At the present time the Great Northern has a capital stock of $150,000,000 with a current market value of about $400,000,000, and its profits warrant the recognition of over $100,000,000 direct and indirect bonded obligations as gilt-edged investments. The trackage runs over 6,100 miles, traversing the States of Minnesota, North and South Dakota, Montana, Idaho, Oregon and Washington. As a trunk-line it extends from St. Paul up the great wheat belt of the Red River Valley and across the mineral and lumber districts of Montana, Idaho, Oregon and Washington. The road exerts a commanding influence upon the Northern Pacific and Puget Sound coast traffic as well as enjoying extraordinary advantages in trade to the Far East through its Northern Steamship Company, whose steamers ply between Seattle, Japan and China.

For years the Great Northern and the Northern Pacific Railways, the two great parallel roads interested in the development and control of the Northwestern traffic and trade, were active and powerful rivals, and their hostility was such that a bitter railway rate-war became imminent in 1809. Mr. J. Pierpont Morgan, the head of the reorganized Northern Pacific, however, realized that such a war would work great disaster upon the business and financial world, and seriously cripple the development of the Northwest, and that an offensive and defensive alliance between these two great systems would place them in a commanding position. The moment was a critical one, and the directorate of the two rival roads had assumed an attitude as aggressive as it was antagonistic. About this time Mr. John S. Kennedy became a member of the Board of Directors of the Northern Pacific Railway Company. As the close friend of James J. Hill. President of the Great Northern Railway Company, his election was construed as an intention to harmonize the two systems, the stockholders being largely the same in both companies. This surmise proved correct, the outcome being the Northern Securities Company, incorporated amongst other purposes for holding a majority of the stock of the two railway companies. The history of this holding company is well known, and its fight in the Courts for the legality of its existence has been almost a national question.

Throughout his entire career Mr. Kennedy has been identified with some of the most important financial and railway enterprises and syndicates, and under his firm guidance and sound judgment almost all his ventures have earned for himself and his associates large returns.

In spite of the constant demands of these important financial affairs upon his time and attention, Mr. Kennedy has always found an hour to devote to charitable and educational work, and no name more frequently appears upon the executive lists of educational and charitable organizations and institutions than his own. Perhaps his most important contribution to charitable work is the United Charities Building, at the corner of Fourth Avenue and Twenty-second Street, erected at a cost of over $750,000, wherein the various public charities of this city are brought under one roof. Such a building was long needed, and has been of the greatest economic advantage in the administration of public and private relief. In addition to the above gifts, Mr. Kennedy has recently donated the sum of $250,000 to endow the School of Philanthropy under the auspices of the Charity Organization Society.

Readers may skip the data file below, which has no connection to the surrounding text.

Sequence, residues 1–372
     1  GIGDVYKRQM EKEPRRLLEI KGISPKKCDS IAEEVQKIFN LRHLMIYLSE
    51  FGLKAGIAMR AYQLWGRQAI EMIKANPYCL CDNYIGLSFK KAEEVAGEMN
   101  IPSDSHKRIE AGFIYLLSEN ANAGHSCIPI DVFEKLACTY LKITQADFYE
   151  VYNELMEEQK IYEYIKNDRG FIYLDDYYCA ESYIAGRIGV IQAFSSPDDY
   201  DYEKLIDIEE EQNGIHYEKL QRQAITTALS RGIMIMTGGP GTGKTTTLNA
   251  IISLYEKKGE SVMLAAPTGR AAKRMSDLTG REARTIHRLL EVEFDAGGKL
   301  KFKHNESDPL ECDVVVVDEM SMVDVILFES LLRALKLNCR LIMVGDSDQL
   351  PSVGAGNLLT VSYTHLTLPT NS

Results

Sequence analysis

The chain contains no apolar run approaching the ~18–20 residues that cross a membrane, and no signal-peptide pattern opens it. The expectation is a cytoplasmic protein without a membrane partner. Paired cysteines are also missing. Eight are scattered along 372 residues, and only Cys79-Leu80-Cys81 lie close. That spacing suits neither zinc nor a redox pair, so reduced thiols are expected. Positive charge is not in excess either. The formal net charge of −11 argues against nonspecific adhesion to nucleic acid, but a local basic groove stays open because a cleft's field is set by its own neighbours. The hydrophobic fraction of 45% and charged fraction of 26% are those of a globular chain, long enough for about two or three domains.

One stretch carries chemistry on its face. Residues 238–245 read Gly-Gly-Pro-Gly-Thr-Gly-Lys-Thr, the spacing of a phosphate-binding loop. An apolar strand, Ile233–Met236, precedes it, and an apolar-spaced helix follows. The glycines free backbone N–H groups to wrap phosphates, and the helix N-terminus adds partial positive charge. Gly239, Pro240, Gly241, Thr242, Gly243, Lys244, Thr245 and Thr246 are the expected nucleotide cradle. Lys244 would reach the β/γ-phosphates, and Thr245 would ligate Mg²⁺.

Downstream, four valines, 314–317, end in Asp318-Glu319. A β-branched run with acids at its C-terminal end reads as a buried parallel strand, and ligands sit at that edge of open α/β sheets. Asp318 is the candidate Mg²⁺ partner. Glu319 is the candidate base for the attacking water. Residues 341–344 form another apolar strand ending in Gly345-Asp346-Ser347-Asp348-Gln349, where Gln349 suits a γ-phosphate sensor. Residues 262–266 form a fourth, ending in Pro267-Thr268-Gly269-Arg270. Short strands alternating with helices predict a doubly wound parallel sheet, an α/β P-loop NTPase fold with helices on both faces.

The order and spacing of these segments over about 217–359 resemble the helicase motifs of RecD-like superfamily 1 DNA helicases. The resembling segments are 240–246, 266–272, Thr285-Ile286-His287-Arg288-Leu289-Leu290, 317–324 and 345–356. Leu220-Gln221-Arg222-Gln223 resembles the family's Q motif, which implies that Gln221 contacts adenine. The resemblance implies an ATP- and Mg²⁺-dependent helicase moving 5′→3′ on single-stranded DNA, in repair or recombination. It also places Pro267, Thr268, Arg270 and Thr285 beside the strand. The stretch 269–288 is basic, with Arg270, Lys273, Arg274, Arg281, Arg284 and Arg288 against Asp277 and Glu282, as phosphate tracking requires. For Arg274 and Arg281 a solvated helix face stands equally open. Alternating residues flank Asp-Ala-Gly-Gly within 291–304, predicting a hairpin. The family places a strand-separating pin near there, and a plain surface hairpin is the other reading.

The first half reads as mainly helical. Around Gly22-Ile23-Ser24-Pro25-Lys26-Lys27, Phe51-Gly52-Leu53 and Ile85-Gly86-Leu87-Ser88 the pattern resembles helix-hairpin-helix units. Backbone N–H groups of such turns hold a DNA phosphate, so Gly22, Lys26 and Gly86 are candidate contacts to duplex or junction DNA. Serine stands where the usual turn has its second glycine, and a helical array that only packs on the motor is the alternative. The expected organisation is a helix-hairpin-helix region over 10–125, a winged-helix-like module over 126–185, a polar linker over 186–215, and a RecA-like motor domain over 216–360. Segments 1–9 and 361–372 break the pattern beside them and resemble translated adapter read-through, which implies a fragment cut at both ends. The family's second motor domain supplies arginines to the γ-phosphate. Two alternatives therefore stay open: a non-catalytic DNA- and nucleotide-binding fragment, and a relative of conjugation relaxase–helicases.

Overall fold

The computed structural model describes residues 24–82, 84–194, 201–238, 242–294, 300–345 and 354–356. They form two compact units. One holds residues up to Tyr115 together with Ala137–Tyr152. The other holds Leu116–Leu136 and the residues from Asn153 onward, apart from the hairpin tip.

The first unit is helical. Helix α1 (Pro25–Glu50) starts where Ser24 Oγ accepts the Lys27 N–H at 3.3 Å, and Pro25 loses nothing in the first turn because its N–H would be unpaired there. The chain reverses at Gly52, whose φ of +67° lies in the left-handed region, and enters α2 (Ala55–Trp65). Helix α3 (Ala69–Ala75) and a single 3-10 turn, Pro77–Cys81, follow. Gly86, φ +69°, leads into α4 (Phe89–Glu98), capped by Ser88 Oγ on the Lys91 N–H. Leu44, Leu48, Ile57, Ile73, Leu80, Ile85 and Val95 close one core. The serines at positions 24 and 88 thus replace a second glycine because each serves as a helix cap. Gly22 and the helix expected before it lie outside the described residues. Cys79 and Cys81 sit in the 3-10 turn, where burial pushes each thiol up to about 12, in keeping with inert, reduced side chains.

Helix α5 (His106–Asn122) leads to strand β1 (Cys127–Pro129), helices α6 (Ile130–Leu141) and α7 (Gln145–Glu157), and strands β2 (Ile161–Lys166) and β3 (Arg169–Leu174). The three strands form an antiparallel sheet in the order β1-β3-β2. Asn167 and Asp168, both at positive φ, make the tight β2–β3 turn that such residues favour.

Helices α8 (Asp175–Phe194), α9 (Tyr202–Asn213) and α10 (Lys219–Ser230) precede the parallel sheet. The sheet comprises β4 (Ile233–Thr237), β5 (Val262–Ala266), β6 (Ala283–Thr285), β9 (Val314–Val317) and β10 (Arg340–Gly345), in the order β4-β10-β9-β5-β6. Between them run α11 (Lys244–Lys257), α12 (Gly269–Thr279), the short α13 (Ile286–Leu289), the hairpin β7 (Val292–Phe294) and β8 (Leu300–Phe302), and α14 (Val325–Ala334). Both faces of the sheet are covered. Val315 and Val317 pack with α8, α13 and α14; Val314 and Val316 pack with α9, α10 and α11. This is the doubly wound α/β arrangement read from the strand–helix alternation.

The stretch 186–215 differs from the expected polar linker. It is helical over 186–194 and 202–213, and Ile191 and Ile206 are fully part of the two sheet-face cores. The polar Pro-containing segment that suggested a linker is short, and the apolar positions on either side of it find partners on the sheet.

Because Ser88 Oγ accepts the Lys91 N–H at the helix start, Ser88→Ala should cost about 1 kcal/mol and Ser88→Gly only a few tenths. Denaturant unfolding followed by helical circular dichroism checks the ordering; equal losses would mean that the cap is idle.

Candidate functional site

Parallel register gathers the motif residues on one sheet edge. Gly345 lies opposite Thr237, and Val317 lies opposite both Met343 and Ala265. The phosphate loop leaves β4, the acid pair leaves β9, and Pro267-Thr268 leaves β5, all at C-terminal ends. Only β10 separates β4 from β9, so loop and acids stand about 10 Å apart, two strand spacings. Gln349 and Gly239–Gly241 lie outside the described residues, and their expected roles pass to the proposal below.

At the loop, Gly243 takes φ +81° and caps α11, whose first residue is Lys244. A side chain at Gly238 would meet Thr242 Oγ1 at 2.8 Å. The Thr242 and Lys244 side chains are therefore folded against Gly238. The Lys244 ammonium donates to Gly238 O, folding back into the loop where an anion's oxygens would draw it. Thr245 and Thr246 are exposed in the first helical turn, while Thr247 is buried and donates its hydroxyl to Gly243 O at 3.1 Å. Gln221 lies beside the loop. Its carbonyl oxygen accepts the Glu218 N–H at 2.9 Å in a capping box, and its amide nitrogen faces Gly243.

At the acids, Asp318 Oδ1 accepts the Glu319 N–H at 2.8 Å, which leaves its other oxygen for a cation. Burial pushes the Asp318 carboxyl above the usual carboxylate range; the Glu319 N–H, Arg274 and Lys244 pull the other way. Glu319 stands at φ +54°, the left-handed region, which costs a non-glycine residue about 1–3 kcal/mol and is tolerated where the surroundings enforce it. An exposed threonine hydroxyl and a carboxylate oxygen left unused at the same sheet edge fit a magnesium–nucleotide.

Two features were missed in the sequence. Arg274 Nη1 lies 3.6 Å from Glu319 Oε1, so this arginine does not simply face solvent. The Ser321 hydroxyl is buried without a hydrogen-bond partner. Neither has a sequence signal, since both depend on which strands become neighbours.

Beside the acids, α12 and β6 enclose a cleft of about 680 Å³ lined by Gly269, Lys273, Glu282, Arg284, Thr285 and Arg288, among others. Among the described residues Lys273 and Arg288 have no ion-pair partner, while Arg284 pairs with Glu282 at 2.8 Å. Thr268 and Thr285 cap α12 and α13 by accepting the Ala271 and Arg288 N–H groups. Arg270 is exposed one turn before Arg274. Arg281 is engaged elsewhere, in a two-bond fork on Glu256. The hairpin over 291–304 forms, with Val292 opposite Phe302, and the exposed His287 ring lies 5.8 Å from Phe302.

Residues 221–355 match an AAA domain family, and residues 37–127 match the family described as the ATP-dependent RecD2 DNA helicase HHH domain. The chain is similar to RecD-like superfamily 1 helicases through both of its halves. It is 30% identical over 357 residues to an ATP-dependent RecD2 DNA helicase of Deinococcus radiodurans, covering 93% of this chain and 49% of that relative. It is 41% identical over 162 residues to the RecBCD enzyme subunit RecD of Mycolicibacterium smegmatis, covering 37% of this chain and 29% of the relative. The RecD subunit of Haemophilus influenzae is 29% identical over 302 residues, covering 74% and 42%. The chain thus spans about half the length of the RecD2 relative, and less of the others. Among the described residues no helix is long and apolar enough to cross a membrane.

To name all of the companies with which Mr. Kennedy has been identified would fill many pages, but at the present time he is a Director and Member of the Executive Committee of the Northern Pacific Railway Company; of the New York, Chicago & St. Louis Railway Company, and of the Pittsburgh, Fort Wavne & Chicago Railway Company, and is also a Director of the Cleveland & Pittsburgh Railroad Company, the Massillon & Cleveland Railroad Company, the Chicago, Burlington & Quincy Railway Company, the New Brunswick Railway Company, and the Manhattan Bank Company. He is a Trustee of the United States Trust Company, the Central Trust Company, the Title Guarantee & Trust Company, the Hudson Trust Company, Columbia College and the Provident Loan Society.

No institution has more benefited by his administrative ability and generosity than the Presbyterian Hospital, of which Mr. Kennedy has been President for over twenty years, and during that time has contributed not less than $750,000 for new buildings and other purposes. President of the Board of Trustees of the Lenox Library for several years prior and up to the time of its consolidation with the Astor Library and the Tilden Trust, it was largely due to his influence and wisdom that the consolidation was made possible, and he is now a trustee and one of the Vice-Presidents of the New York Public Library, Astor, Lenox and Tilden Foundations.